Medical Industry -

Why Choose JIAHUI

At JIAHUI, we understand the critical role that manufacturing plays in the medical industry. Our team of proficient and experienced professionals has the expertise to form a wide range of manufacturing parts required for medical devices and equipment that meet the strictest regulatory standards.

We are committed to investing in modern technology and equipment to ensure our manufacturing processes are highly efficient and precise. Our ultra-modern facilities are equipped with the latest technology to guarantee that we produce high-quality products that meet the one-of-a-kind needs of our customers.

  • The experienced team is trained in specialized materials, design, and construction of parts for medical devices and equipment.
  • Committed to meeting and exceeding regulatory standards.
  • Emphasis on producing safe, effective, and high-quality medical parts.
  • Strong focus on customer needs and satisfaction.


The medical industry plays a major role in ensuring the health and well-being of individuals worldwide. It encompasses several areas, including pharmaceuticals, medical devices, and healthcare services. Medical devices typically include equipment, instruments, or other items that apply to the human body. Some common examples of these devices are blood pressure monitors, fetal heart rate monitors, and test kits.

The upstream of the industry chain usually constitutes medical raw materials, equipment supply, and third-party services. On the other hand, retail and medical institutions are downstream of the medical industry chain.

The medical industry is subjected to strict regulations and quality standards to meet the safety and efficacy of medical products and services. It is also a highly competitive and complex industry, with many stakeholders, including healthcare providers, insurers, and regulatory bodies.

The medical industry heavily relies on precision and quality when it comes to the procurement and manufacturing of parts and equipment. Companies that provide manufacturing services play a crucial role in prototyping for medical manufacturers, enabling them to bring new products to market. These services range from rapid prototyping to low-volume production runs and help medical companies meet the demands of the continually evolving healthcare industry.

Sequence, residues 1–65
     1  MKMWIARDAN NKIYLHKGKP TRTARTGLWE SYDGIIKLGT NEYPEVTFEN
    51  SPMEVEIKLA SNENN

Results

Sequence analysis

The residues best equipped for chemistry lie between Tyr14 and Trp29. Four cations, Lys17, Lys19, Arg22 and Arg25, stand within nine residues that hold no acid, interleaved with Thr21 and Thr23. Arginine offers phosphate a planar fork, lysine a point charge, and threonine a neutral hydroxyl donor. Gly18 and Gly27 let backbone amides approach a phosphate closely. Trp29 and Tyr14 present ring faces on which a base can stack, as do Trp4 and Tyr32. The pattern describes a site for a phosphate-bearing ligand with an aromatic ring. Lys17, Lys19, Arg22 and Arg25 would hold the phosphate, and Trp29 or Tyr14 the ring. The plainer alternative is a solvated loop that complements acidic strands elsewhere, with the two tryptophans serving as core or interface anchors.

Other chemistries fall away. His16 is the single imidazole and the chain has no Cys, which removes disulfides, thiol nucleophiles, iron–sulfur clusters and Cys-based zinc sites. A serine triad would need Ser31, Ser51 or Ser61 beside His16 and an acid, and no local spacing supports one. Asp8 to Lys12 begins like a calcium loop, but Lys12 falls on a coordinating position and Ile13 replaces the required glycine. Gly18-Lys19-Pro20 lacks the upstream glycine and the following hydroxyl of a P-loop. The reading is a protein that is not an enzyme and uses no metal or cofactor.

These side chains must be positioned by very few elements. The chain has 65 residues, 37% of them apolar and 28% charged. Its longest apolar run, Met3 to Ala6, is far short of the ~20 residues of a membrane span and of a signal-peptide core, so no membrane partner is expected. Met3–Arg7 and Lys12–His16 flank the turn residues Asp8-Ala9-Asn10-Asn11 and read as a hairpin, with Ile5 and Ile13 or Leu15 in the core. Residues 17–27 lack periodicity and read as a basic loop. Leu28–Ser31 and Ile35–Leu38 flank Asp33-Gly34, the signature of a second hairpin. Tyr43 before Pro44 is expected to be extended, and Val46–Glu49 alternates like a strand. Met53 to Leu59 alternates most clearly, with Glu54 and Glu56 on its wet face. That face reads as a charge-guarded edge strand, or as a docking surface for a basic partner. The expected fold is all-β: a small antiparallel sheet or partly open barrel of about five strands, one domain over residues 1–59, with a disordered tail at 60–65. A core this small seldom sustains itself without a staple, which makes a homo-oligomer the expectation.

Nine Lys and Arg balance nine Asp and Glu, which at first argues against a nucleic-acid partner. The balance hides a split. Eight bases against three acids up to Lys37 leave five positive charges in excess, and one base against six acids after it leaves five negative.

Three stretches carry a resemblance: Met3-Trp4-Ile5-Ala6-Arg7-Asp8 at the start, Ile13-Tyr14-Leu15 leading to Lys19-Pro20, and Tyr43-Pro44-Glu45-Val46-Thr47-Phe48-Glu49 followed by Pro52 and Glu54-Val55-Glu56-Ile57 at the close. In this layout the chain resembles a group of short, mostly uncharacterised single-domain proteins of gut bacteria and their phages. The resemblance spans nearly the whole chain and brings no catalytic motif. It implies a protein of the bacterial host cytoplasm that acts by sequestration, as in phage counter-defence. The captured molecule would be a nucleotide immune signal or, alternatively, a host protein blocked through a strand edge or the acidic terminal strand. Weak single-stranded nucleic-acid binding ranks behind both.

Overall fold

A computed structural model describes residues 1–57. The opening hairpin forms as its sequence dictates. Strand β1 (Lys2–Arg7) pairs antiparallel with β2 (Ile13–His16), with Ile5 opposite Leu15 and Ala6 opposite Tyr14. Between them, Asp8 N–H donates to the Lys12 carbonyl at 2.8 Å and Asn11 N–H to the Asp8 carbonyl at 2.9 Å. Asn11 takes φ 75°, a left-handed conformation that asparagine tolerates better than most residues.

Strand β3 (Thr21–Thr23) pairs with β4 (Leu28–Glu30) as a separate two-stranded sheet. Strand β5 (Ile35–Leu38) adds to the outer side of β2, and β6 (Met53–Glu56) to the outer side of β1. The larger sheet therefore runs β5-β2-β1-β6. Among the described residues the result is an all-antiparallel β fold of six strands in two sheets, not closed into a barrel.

Medical Industry -
Medical Industry -

Manufacturing Needs

The medical device industry is constantly evolving, driven by emerging trends that cater to the increasing demands for improved patient care and advanced medical therapies. One prominent trend is the shift towards miniaturization, increased functionality, and enhanced reliability of medical device components. Healthcare professionals and patients seek smaller, lighter, user-friendly medical devices that effectively deliver cutting-edge treatments.

Materials science and manufacturing advancements have been vital in meeting these demands. These developments have created highly durable and reliable components capable of withstanding the rigorous conditions of repeated use in demanding medical environments. Furthermore, the integration of digital technologies has revolutionized medical device components.

One material that has gained considerable attention for its unique properties is copper. Copper has promising bactericidal capabilities, making it a valuable component in medical equipment. Incorporating copper into medical device components helps maintain a safer and more hygienic environment for patients and healthcare providers.

Typical Medical Parts

Manufacturing Services for Medical parts

Our technology experts strive to manufacture accurate and precise medical parts, keeping the safety of human health their prime concern. We guarantee the delivery of reliable and durable custom parts that meet high-quality standards. Contact us now to get medical components that stick to medical safety and grow your business.